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caption: Phyllis Porter is a neighborhood activist who lobbied long and hard to get Rainier Avenue S on a "road diet."
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1 of 4 Phyllis Porter is a neighborhood activist who lobbied long and hard to get Rainier Avenue S on a "road diet."
KUOW Photo/Joshua McNichols

Rainier Avenue South Begins Its Road Diet

People have called Rainier Avenue Seattle’s most dangerous street. There’s at least one accident every day. Pedestrians have died. But that could change soon.

On a warm weeknight in Columbia City Jacob Anderson rides by on his bicycle -- on the sidewalk.

“People drive so fast on this street for some reason. And then they’re like angry at the fact that you’re there," Anderson said. "So they’re going to zoom around you and go ZROWW!”

But maybe he'll feel safe riding in the street again later this month. The city is rearranging the road in the hopes of slowing down traffic.

Workers chiseled up the plastic turtles in the middle of the road. Phyllis Porter cheered them on.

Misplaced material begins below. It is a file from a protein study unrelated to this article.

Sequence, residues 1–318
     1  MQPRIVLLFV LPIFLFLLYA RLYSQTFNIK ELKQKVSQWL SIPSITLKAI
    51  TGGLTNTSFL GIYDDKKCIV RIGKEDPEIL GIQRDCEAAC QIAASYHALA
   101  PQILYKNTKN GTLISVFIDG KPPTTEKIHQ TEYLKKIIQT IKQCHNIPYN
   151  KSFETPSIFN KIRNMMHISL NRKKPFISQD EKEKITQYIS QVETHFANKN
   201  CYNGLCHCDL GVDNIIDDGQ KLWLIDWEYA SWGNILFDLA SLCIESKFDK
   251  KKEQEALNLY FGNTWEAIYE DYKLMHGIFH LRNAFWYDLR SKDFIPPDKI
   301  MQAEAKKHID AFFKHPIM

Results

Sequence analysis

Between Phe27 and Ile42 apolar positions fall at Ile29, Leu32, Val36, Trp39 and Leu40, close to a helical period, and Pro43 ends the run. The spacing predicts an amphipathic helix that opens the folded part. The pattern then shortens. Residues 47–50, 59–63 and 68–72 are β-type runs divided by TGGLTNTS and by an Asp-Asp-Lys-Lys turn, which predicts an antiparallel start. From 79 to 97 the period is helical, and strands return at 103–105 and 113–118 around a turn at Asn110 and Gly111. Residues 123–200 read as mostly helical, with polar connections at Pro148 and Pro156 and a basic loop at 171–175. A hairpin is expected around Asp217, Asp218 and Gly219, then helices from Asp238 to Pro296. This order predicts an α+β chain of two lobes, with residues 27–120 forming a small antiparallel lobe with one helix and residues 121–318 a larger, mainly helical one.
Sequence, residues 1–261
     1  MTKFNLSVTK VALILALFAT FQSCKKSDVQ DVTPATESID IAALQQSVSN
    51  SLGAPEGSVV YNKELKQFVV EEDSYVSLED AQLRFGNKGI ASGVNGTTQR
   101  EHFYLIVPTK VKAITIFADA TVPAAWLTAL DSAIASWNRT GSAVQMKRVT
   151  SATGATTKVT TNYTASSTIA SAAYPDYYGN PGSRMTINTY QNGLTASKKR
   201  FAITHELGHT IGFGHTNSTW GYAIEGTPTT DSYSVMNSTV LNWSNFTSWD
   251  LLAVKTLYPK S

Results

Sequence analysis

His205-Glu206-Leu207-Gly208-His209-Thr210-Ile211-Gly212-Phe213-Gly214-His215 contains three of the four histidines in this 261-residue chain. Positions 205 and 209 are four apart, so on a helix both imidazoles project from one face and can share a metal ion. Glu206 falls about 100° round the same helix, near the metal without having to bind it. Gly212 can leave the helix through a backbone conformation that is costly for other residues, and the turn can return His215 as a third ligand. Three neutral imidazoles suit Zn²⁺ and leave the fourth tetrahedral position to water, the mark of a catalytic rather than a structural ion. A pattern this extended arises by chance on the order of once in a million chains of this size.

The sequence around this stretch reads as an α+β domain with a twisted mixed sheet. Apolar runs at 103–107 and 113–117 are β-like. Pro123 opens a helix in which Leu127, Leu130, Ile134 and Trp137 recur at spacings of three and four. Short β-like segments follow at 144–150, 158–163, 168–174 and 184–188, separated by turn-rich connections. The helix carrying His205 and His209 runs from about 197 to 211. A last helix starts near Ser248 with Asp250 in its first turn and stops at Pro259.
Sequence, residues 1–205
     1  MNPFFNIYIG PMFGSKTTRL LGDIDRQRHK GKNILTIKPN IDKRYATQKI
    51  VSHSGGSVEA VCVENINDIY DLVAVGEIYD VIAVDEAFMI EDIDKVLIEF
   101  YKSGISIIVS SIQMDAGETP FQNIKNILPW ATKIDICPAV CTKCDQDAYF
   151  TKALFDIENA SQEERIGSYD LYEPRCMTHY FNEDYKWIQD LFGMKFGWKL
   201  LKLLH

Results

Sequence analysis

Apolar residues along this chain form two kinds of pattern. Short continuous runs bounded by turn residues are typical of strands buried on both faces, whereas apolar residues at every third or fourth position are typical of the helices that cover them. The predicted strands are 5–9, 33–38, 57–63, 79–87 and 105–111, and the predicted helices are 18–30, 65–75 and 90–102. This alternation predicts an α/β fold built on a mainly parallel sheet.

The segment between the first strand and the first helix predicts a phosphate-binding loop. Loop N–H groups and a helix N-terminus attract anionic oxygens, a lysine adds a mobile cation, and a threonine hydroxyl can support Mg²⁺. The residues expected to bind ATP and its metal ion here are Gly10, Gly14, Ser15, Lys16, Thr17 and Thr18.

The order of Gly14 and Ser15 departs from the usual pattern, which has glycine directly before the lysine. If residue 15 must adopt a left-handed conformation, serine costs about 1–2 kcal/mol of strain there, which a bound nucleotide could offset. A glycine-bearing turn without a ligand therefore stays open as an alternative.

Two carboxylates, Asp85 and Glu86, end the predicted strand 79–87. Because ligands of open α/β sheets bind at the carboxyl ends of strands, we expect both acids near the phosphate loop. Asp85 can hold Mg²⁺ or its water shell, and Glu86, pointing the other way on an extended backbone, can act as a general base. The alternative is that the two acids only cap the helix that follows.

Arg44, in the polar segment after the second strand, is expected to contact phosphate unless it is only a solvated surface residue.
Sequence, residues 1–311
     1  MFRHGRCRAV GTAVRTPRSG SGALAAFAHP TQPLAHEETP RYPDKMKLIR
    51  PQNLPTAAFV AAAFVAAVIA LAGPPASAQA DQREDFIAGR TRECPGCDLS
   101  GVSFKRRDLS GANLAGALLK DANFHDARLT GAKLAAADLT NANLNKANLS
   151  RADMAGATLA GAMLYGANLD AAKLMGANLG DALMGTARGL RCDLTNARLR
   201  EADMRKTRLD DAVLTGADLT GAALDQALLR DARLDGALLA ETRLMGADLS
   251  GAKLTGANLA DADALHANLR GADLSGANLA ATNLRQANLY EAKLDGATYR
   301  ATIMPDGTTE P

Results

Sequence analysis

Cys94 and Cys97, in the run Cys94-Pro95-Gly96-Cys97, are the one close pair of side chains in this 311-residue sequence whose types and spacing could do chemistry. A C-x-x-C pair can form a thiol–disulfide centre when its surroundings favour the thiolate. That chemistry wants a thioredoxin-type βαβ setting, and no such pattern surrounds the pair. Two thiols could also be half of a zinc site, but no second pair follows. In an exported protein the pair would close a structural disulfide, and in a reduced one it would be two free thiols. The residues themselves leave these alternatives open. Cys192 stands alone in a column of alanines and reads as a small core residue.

“I’ve been saying for a long time, you know, when will the shoveling start. And today – it’s like I’m like a child with a little toy. I’m so excited,” Porter said.

Porter is a neighborhood activist. She worked long and hard to get Seattle Department of Transportation to give Rainier Avenue a treatment called a road diet. Just like it sounds, that means cutting down the number of traffic lanes and lowering the speed limit -- making it less like a freeway and more like a small town main street.

"If it’s going to save even one life, I think it’s worth it," Porter said.

But not everyone’s in favor of the road diet. There’s a marimba band, Zambuko Marimba Ensemble, that practices on the sidewalk here twice a week. They don’t like it.

Bandleader Sheree Seretse lead the band in a chant: "1, 2, 3 RIDICULOUS!"

What are you saying's ridiculous? “That they’re converting this to one lane each direction,” Seretse said.

But road diets do work, according to traffic engineers. That’s because the middle lane is a turn lane.

SDOT engineer Dusty Rasmussen said it’s easier for cars trying to turn. “They aren’t trying to merge with traffic, they’re able to actually get in and around each other,” Rasmussen said.

He said past projects like this have reduced collisions without significantly reducing traffic volume. A study by the Federal Highway Administration backs up those claims.

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